While some of the trees are losing their leaves, most of the maples remain stunning shades of red and orange, and the ash and cottonwood trees are still a bright yellow. Even the oaks are turning gold and maroon. The prairie grasses continue to show an array of purple and orange. Recommended areas in the park include the bike trail, lodge, trail center, and the middle of the lake from canoe or kayak — rent one at the park office through Oct. 22!
Sibley State Park – north of Willmar
Peak fall color came on suddenly, and Sibley’s peak fall color show is starting to fade. The big bluestem and Indian grass are holding onto gold and maroon hues. The ash trees remain a striking bronze. The oaks are beginning to turn various shades of red. Most of the maples and early-turning trees and shrubs have shed their leaves. Hike the Mount Tom Trail then climb to the Mount Tom Lookout for a panoramic view of Sibley and beyond. Kayaks and canoes are available to rent most weekends — experience a unique view of the park from Lake Andrew.
Charles A. Lindbergh State Park – Little Falls
The oaks are quickly filling with burnt orange and maroon leaves, but the maples are past their peak and most of the ash and elm trees are bare.
Mille Lacs Kathio State Park – Onamia
Fall color is spectacular with crimson red, orange and yellow trees visible throughout the park. Mille Lacs Kathio’s 100-foot observation tower offers an amazing view of the fall colors along Lake Mille Lacs, Lake Shakopee and the Rum River. Rent a canoe, kayak or rowboat, or bring one of your own to explore the beautiful waters of Mille Lacs Kathio State Park. Don’t miss the trail walk offered Oct. 14.
Cuyuna Country State Recreation Area – Crosby, northeast of Brainerd
Deep reds, warm golds and bright yellows are visible throughout Cuyuna Country, with patches of vibrant red and orange showing up in the maples. Fall color enthusiasts will want to check out Miner’s Mountain Overlook for views 200 feet above the surrounding area. The overlook can be accessed by vehicle or bike. There are numerous scenic overlooks along the paved Cuyuna Lakes State Trail and the mountain bike trail system. For those who want to do some hiking away from the paved trail, the 10 mile Sagamore Unit is the place to go. Fall color viewing by boat, canoe or kayak is another great way to view the transformation. Be sure to inquire about the yurts with woodstoves.
Savanna Portage State Park – north of McGregor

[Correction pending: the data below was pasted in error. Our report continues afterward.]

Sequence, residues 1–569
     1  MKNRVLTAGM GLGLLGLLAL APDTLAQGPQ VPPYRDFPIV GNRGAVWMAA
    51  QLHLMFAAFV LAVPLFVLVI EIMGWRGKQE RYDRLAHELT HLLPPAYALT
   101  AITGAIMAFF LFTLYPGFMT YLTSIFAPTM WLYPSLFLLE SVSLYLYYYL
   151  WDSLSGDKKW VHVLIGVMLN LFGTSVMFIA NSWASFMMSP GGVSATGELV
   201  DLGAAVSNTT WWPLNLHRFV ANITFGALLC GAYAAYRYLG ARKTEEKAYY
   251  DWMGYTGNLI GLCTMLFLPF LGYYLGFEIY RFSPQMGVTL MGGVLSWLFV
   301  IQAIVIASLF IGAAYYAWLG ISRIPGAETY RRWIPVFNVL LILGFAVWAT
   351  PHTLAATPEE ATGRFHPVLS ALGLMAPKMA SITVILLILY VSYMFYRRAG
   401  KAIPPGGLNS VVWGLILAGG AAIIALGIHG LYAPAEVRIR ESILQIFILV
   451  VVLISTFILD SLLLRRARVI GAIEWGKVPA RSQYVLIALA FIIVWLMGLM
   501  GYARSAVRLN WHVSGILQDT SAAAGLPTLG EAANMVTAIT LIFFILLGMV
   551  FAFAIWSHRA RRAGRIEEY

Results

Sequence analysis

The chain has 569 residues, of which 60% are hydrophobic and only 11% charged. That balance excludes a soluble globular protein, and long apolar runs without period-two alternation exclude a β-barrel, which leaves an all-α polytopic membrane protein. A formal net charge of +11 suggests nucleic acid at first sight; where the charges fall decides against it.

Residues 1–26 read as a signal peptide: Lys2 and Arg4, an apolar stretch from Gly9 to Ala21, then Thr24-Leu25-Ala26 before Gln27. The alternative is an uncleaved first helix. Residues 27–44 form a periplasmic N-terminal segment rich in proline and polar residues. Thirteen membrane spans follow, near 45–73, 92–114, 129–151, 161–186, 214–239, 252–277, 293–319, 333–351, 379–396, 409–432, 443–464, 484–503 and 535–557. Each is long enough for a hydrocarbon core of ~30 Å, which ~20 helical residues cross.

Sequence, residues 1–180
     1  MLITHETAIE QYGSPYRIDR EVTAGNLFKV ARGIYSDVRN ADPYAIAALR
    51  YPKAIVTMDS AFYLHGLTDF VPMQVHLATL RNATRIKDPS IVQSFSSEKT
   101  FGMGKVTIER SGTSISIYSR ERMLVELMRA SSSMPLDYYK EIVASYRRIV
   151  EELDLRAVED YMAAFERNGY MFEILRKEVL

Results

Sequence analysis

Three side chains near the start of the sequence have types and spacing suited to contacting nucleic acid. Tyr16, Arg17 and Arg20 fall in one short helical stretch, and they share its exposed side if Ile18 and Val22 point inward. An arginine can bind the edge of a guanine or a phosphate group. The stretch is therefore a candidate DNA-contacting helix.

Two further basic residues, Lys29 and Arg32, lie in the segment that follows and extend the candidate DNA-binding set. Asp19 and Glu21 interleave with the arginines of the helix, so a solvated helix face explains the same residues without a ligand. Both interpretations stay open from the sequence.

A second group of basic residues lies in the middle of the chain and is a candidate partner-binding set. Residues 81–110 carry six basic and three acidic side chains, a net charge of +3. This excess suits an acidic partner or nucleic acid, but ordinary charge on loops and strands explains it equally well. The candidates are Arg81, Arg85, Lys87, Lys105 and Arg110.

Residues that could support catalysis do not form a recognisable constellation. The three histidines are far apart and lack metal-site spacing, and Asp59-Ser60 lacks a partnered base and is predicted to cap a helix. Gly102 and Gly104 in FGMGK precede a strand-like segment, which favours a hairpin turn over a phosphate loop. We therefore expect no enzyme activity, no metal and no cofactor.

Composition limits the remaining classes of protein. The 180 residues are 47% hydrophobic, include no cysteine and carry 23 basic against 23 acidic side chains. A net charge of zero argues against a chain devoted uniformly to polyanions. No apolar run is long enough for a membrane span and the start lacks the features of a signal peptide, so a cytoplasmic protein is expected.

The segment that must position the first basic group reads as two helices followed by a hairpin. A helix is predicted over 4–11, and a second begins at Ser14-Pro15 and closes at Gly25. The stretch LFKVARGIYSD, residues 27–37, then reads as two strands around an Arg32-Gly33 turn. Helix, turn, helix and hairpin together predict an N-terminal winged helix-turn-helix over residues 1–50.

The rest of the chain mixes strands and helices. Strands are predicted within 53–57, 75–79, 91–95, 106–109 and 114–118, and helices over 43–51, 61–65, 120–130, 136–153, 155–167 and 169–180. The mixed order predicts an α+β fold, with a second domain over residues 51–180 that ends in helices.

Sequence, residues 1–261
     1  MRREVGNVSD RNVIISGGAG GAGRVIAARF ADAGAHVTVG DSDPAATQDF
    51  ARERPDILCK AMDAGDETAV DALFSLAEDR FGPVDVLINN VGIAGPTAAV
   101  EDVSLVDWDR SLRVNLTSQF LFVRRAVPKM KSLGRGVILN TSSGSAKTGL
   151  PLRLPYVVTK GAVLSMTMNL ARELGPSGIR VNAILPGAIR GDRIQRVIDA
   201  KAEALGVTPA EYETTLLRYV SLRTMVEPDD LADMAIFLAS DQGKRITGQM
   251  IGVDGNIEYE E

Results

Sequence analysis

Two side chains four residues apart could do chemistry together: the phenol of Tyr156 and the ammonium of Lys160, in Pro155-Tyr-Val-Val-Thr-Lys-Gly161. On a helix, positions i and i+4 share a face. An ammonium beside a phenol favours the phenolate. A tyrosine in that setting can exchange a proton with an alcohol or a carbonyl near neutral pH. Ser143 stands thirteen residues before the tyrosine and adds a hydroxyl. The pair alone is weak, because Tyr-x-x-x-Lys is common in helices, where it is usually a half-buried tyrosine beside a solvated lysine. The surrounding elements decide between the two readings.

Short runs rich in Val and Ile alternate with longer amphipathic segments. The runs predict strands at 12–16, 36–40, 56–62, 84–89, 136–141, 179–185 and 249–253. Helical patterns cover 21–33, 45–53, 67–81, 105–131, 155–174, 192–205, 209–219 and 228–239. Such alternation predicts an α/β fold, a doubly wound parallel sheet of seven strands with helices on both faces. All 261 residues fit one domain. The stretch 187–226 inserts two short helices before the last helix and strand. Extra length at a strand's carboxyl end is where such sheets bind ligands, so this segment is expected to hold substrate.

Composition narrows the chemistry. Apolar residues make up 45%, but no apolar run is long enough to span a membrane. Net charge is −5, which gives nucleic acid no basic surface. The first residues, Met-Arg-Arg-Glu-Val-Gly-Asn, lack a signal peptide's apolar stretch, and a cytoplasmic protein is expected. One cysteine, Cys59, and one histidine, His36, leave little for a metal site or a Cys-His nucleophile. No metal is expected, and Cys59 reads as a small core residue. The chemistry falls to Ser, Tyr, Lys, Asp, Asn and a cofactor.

The forest is golden, but the color is fading fast as leaves fall to the ground. The Continental Divide Trail, Wolf Lake, Loon Lake, and Lake Shumway are holding onto the best fall colors.
Minneapolis-St. Paul Area
Fall color continues to spread throughout the Twin Cities vicinity. Peak or near peak fall color can be found at Wild River and Interstate state parks, as well as the Big Woods parks within the Three Rivers Park District. Also consider a visit to the Minnesota Landscape Arboretum, or a drive along the Minneapolis Grand Rounds Scenic Byway or St. Croix Scenic Byway.
Wild River State Park – Almelund, east of North Branch
The Visitor Center deck offers stunning views of near peak conditions in the St. Croix River Valley. Cooler temperatures have led to an increase in fall color change, especially in the maples which are full of vibrant red, orange and yellow leaves. The ash, birch and aspen continue to cast a golden glow in the forests. The oaks are just beginning to turn. A few of the riverbank trails remain flooded — check with the park office for updates.
Interstate State Park – Taylors Falls
Cooler temperatures have brought out more vibrant fall colors. The yellow and orange trees are lovely across the St. Croix River Valley. Hike the River Trail for stunning views, the Sandstone Bluffs Trail for great views and a workout, or the Glacial Potholes Trail for the unique geology. Also enjoy guided Glacial Pothole Tours at noon most Saturdays and Sundays through Oct. 21.
William O’Brien State Park – Marine on St. Croix/north of Stillwater
Bright fall colors fill the trees behind Lake Alice. The Prairie Overlook Trail in the northern section of the park, and the Riverside Trail that follows the St. Croix River and Lake Alice are beautiful.
Fort Snelling State Park – St. Paul